Warshaw dialogs with diabetesmine.com blogger Tenderich on her blog about research and recommendations about carbohydrate intake for type 1. Check it out, then read my rebuttal below. Thanks Amy for being open to dialog!
Diabetes Meal Planning Made Easy
- confused about whether you need to limit the amount of carbohydrate you eat?
- baffled by what’s more important: controlling glucose, blood pressure or heart health?
- frustrated trying to lose weightl, keep pounds off and manage diabetes?
- overwhelmed by food labels, nutrition facts and ingredients lists?
Diabetes Meal Planning Made Easy, now in its 5th edition, is thorough, yet practical and realistic in its approach. This perennial best-seller, published by the American Diabetes Association, has become the go-to resource on why, what and how much to eat for people with prediabetes or type 2 diabetes. Readers find cut-to-the-chase advice in three easy-to-digest sections. Section one is: Nutrition and Health Eating Basics. Section two is: Foods by Group, in-depth detail about each food group including alcoholic and non-alcoholic beverages, sweets and desserts and convenience foods. Section three is: Putting Healthy Eating for Diabetes Control into Action, covering how to preplan, supermarket shop, read food and nutrition labels, eat healthier restaurant meals and much more. This action oriented book helps readers slowly but surely change their food choices and eating behaviors for good.
Table of Contents
Introduction to 5th Edition
Section 1: Diabetes, Nutrition, and Healthy Eating Basics
- Chapter 1: About Type 2 Diabetes and Prediabetes and Why They Happen
- Chapter 2: How to Eat Healthy with Diabetes
- Chapter 3: About Calories, Carbohydrate, Protein, and Fat
- Chapter 4: Sodium, Potassium, and Blood Pressure Control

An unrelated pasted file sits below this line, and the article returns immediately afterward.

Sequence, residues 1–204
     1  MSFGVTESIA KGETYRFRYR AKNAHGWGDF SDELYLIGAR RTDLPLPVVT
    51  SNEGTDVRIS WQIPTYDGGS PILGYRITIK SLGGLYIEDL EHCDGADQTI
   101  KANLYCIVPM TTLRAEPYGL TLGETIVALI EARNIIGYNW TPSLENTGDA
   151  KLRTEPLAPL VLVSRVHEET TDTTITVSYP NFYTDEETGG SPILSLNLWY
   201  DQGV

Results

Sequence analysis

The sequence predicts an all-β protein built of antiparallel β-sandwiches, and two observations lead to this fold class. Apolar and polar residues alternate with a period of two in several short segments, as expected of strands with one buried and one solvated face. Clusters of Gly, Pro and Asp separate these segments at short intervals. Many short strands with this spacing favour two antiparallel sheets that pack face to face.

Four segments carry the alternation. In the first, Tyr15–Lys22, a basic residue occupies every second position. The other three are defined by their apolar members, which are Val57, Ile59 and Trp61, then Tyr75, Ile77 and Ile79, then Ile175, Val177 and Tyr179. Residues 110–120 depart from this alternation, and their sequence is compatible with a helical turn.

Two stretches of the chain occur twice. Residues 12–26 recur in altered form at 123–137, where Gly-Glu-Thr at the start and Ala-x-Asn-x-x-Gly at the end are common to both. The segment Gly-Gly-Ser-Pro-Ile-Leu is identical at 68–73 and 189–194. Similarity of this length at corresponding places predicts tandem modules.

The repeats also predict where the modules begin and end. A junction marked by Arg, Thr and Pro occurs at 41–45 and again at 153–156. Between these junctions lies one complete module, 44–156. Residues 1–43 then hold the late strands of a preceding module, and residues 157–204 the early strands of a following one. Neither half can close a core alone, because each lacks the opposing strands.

- Chapter 5: Vitamins, Minerals, and Dietary Supplements
- Chapter 6: Personalize Your Healthy Eating Plan
- Chapter 7: Secrets of Losing Weight and Keeping Pounds Off for Good
Section 2: Foods by Group
- Chapter 8: Starches
- Chapter 9: Vegetables (Non Starchy)
- Chapter 10: Fruits
- Chapter 11: Milks and Yogurts
- Chapter 12: Protein Foods
- Chapter 13: Fats and Oils
- Chapter 14: Sweets, Desserts, and Other Sugary Foods
- Chapter 15: Beverages: Nonalcoholic
- Chapter 16: Beverages: Alcoholic
- Chapter 17: Combination, Convenience, and Free Foods
Section 3: Putting Healthy Eating for Diabetes Control into Action
- Chapter 18: Change Your Food Choices and Eating Behaviors Slowly
- Chapter 19: Planning: A BIG Key to Healthy Eating
- Chapter 20: Control Your Portions
- Chapter 21: Lean on the Food Label and Nutrition Facts
- Chapter 22: Skills and Strategies for Healthy Restaurant Eating
- Chapter 23: Get the Support You Need Up Close or Virtual
The Diabetes Food and Nutrition Bible
- frightened by the diagnosis of diabetes and wonder what you can eat?
- puzzled about how to make your favorite recipes diabetes-friendly?
- flustered about how to lower carbohydrate, increase fiber and decrease sodium?
- unclear if you need to steer clear of sugary foods and sweets?
The Diabetes Food and Nutrition Bible, published by the American Diabetes Association is a two-in-one super resource for people with diabetes. It’s an “educational cookbook” co-authored by Hope and culinary guru and best-selling diabetes cookbook author Robyn Webb.
The Diabetes Food and Nutrition Bible is filled with over 100 recipes featuring 20 Nutrition Superstars - foods chock-full of nutrition. You’ll also find tips and hints about how to buy, store and cook myriad foods. Integrated into the pages is a comprehensive nutrition guide to help you learn what and how to eat to manage your diabetes. The pages are filled with plenty of easy and practical ways to improve your eating habits and food choices. And that’s not all. You’ll get two complete weeks of diabetes menu plans for various calorie levels which show you exactly how to fit in the book’s recipes and healthy eating ideas.
Table of Contents
- Nutrient: The Big Three
- Vitamins and Minerals
- Meal Planning Approaches
- Grains, Beans, and Starchy Vegetables
- Milk and Yogurt
- Meat and Meat Substitutes
- Fats and Lower-fat Recipes
- Sugar, Sweets and Sweeteners
- Two Weeks of Menus
- The Food Label
- Setting Goals
Yesterday (12/17/08) the U.S. FDA sent a "No Objection Letter" to Merisant's Whole Earth Sweetener company and to Cargill, Inc., responding to their long awaited request to market a highly purified form of Stevia known as Reb A (rebaudioside A). Translated this letter means that FDA has no objection to the conclusion that both companies reached independently using the GRAS self-affirmation process: that Reb A is generally recognized as safe among qualified experts for use in beverages, foods and tabletop sweeteners.